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John Burnes, Alive! editor, and Dearbhla McNulty spent the holidays in Hawaii, safely. Aloha!.
Letter From England, Pt. 4
Capt. Michael Barnes, Retired, Harbor, traveled to the land of his birth, England, post-vaccination.
The Ancient. Friendly Town of Winchester
If you are visiting England for the first time or passing through London’s Heathrow Airport to catch a cruise ship from Southampton, the lovely picturesque city of Winchester might be a perfect destination. I suggest you get to Terminal 2 and catch the National Express coach for a one-hour ride along the M3 motorway to central Winchester. After a long flight, the last thing travelers want is to struggle with your luggage on the Underground or hire an overpriced car rental driving through traffic on the “wrong” side of the road. Coach tickets can be bought in advance online, and my advice is to always pay the small extra fee in case your flight is delayed.
Winchester is a city, but it feels more like a bustling market town. Apart from great historical interest, Winchester has been voted as the top place to live in England. This accolade is due in large part to the friendly ambience and low crime rate. It is a city geared up for tourism with a broad range of accommodations — Mercure Winchester Wessex Hotel, centrally located in the high street area, offers cathedral views and an assortment of coffee shops where we enjoyed tasty cakes and a quick caffeine and sugar boost (!) while we sat listening to street buskers.
The Old Vine pub stands at the end of the Square near a tree-lined path leading to the cathedral entrance. Many restaurants are offering patrons alfresco dining. We enjoyed something different when we tried the Stable Pizza, which specializes in unusual pizzas, and a pint (or two) of real Somerset Cider. After our lunch we took some time to wander around Great Minster Street and the Square. We came upon the 24 bollards that are painted in the style of famous artists, like Henri Matisse, Piet Mondrian and Jackson Pollock.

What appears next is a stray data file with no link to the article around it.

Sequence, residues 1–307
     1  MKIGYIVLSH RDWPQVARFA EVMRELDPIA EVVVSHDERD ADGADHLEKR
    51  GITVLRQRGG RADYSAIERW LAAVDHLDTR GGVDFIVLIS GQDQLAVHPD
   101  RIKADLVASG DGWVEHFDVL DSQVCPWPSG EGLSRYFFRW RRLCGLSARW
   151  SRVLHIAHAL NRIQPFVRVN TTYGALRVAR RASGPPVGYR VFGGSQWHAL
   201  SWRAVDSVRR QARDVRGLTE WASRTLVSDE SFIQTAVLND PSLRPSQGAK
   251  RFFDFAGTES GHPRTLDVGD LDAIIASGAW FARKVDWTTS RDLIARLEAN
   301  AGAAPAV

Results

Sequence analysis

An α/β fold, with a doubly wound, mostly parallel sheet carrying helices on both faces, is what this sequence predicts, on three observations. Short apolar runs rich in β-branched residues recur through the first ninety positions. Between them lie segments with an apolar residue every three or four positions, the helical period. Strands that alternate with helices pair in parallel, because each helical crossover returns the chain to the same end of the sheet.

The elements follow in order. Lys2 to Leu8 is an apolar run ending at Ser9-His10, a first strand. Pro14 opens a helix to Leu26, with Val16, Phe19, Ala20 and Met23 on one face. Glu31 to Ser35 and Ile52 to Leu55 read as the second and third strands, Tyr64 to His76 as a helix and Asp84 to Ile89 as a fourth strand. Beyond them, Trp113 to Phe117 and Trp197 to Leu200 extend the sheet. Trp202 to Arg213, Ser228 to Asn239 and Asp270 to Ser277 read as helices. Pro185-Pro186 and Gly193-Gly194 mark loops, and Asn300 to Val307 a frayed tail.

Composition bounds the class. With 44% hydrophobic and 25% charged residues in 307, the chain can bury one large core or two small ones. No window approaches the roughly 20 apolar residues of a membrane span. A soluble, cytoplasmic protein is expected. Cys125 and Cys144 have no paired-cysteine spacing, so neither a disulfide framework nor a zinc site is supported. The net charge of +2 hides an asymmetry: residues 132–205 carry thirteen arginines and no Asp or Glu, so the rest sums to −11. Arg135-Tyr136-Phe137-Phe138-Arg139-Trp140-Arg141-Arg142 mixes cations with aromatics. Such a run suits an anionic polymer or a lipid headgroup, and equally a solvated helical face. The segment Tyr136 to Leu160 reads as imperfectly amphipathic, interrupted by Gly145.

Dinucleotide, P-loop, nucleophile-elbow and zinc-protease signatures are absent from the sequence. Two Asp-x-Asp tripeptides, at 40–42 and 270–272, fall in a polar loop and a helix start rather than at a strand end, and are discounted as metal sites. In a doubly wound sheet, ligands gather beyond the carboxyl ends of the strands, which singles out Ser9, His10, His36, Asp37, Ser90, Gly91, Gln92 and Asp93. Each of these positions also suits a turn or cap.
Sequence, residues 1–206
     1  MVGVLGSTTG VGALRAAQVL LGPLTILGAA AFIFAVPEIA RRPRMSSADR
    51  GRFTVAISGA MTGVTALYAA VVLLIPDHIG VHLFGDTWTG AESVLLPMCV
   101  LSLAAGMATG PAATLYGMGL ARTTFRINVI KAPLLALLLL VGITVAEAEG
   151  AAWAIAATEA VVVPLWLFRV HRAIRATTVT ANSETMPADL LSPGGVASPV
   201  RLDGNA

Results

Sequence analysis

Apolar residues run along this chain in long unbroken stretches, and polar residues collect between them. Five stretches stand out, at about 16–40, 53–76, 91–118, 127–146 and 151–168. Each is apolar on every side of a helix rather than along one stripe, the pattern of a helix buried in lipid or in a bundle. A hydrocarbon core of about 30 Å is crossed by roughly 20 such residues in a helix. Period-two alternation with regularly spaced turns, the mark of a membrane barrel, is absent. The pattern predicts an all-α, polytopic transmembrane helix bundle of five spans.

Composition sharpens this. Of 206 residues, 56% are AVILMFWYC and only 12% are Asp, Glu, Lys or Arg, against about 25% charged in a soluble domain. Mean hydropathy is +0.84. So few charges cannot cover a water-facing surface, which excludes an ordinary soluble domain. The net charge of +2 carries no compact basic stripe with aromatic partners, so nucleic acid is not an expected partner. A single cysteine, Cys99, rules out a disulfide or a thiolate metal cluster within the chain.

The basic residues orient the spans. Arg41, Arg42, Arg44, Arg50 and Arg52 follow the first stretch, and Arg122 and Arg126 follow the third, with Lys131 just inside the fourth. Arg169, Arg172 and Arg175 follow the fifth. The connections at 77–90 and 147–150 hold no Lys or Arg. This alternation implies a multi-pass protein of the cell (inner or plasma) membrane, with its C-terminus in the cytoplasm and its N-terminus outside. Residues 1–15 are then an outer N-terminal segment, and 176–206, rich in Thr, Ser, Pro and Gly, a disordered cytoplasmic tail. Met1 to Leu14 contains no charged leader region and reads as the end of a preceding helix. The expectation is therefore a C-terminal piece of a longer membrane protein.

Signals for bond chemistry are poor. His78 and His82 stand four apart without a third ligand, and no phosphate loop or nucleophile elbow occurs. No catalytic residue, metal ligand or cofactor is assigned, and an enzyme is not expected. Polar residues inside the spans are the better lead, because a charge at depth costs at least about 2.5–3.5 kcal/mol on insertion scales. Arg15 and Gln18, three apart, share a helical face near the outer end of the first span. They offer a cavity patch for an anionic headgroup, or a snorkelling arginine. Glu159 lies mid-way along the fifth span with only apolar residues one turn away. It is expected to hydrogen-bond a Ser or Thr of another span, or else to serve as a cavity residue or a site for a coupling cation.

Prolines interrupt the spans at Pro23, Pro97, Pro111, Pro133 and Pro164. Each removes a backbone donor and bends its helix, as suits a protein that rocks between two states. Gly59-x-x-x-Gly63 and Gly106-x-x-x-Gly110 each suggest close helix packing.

Entering Winchester by coach at the eastern end of the Broadway you’re met with a striking statue of King Alfred the Great standing in the center of the road facing toward the center. The coach stops adjacent to the statue; from there it is a two-minute walk to the impressive Gothic Revival-styled Guildhall and Tourist Information Office beside the beautiful Abbey Gardens’ well-tended flower borders alongside the river.
When the Romans invaded Britain under Caesar in AD 43, they made Winchester their capital city named Venta Belgarum. Later the invading Saxons called the Roman settlement Venta Caester or Marketplace of the Belgae, which then became Wintancaester, followed by today’s name for the city, Winchester.
Four hundred years later in AD 407, with the Roman Empire crumbling, the last Roman legions were withdrawn from Britain and the country fell into a dark age. Hosts of invaders and settlers followed, including Germanic migrants, the Jutes from the Jutland peninsula (modern-day Denmark), the Angles from Angeln in southwest Jutland and the Saxons from northwest Germany. These tribes formed their own small kingdoms; most of these kingdoms survive to this day and are better known as the English counties Kent (Jutes), East Anglia (east Angles), Sussex (south Saxons), Middlesex (middle Saxons) and Wessex (west Saxons).
King Cenwalh of Wessex built the first church in Winchester, which became a cathedral in 660. St. Swithun is buried outside the cathedral upon his request, and legend has it that when an attempt to move his body was made, it began to rain and continued to rain for 40 days and nights, giving rise to the saying:
St Swithn’s day, if thou be fair, St Swithn’s Day, if thou bring rain. For forty days it will remain.
St. Swithn’s remains were eventually moved 100 years later, with no reports of rain! However local people still believe that if it rains on St Swithin’s day, then it will continue to do so for 40 days.